House and keys

We sometimes get asked whether people can do their own conveyancing. The short answer is yes you can, and we do provide some procedural guidance on what’s involved, such as how to complete a transfer form and what to do when a property owner dies. However, if you are considering doing some DIY conveyancing, it’s very important to be aware of a few things.

  • There is a lot more to the conveyancing process than just completing and sending us Land Registry forms. Very often, there are also searches and other formal enquiries to be carried out before a transaction can take place safely. If these aren’t done properly, or if they’re not done at all, then big problems can arise after a transaction has happened. For example, someone other than the current owner might have an existing interest in the property that might only come to light afterwards.
  • Also, depending on the type of transaction, there can be quite a lot of legal and financial aspects that will need to be covered in the preparation of the documents. These may not be part of the standard forms.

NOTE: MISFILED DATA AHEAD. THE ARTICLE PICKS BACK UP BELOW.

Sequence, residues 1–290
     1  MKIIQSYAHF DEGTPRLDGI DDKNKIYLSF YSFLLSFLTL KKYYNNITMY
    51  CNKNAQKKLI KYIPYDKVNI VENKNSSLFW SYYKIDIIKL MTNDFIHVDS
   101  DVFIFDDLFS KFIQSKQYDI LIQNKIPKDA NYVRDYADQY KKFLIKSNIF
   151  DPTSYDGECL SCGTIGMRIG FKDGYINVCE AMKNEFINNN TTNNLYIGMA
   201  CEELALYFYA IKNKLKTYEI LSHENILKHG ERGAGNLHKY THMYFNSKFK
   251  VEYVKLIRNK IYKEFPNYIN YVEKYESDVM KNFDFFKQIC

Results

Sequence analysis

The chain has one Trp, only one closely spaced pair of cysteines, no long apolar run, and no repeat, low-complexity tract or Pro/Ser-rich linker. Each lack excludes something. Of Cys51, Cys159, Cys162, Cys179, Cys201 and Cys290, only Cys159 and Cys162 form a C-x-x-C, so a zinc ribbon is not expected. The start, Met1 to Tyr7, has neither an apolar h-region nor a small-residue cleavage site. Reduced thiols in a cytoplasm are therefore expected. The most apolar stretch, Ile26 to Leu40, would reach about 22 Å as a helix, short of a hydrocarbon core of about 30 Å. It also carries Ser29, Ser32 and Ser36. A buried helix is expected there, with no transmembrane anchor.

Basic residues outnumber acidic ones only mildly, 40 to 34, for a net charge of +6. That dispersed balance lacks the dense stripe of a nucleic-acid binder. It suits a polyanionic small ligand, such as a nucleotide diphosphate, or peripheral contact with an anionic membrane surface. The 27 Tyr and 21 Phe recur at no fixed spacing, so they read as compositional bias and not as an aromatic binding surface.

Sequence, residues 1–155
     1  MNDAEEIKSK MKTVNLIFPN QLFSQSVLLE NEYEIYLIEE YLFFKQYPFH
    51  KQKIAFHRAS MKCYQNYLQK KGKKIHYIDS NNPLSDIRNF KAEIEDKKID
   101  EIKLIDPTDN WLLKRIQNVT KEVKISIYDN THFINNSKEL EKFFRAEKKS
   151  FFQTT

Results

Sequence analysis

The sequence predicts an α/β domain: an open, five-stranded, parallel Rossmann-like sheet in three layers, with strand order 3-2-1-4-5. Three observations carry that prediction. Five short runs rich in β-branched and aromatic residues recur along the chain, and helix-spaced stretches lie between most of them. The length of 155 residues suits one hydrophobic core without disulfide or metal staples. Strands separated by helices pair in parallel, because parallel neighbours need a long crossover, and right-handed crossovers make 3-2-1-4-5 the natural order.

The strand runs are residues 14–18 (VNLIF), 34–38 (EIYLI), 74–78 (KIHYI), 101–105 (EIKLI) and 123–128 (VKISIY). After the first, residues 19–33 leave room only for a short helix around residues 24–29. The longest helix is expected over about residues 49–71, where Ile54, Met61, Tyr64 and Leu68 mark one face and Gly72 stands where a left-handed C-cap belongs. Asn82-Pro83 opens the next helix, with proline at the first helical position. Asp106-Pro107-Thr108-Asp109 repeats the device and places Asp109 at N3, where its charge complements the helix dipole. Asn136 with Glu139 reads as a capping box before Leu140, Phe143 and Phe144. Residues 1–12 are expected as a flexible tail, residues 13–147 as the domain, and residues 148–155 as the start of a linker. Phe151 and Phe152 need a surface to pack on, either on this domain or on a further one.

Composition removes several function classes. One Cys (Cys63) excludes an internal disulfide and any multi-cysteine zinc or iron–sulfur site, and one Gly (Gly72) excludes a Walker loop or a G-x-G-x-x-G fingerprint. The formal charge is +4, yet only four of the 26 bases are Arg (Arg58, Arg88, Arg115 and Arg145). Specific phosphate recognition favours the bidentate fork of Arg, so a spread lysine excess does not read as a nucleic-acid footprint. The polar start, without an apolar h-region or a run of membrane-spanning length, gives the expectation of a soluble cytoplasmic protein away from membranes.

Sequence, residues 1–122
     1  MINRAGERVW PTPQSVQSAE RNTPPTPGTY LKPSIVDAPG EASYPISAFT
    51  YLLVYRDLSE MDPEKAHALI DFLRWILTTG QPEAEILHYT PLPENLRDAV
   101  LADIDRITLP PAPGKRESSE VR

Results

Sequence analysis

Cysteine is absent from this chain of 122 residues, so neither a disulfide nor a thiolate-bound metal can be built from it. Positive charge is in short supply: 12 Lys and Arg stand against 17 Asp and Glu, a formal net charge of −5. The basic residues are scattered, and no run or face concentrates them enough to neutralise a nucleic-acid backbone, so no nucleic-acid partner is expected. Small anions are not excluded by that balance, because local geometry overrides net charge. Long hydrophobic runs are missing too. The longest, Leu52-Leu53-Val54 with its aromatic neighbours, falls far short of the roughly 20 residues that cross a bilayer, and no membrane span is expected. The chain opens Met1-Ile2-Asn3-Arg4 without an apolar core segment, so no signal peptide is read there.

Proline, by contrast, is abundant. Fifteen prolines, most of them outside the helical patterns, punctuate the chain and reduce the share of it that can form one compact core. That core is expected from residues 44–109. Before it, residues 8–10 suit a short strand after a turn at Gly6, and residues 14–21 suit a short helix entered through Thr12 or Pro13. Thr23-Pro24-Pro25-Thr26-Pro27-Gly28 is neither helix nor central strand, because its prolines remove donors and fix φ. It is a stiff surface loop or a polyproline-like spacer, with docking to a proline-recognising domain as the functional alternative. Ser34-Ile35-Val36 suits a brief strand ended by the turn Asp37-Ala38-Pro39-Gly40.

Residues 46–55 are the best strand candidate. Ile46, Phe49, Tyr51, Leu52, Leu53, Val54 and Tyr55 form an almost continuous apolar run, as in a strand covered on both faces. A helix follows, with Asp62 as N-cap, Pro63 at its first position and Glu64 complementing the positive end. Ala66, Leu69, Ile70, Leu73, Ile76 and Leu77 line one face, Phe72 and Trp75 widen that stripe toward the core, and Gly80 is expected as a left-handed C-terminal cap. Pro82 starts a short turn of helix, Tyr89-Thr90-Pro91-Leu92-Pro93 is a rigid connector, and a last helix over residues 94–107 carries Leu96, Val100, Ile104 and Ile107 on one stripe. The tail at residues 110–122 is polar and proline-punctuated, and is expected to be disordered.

• If you’re a DIY conveyancer, all parties involved may have to get their identities verified before an application can be made to us to register the transaction. If you’re using a solicitor, they will take care of this.
  • If the transaction involves a mortgage, it’s almost certain that the lender will insist that a solicitor is used for the conveyancing.
  • If you do your own conveyancing and something goes wrong, then normally you’ll have no cover. If you use a professional conveyancer, you’ll be covered by their professional insurance.

This is why the vast majority of land transactions are handled by professional conveyancers, like solicitors. Land Registry is no substitute for the professional advice and support they can give. We can only give advice about our processes.


Andrew Robertson
By Andrew Robertson,
Customer Policy & Handling Leader at Land Registry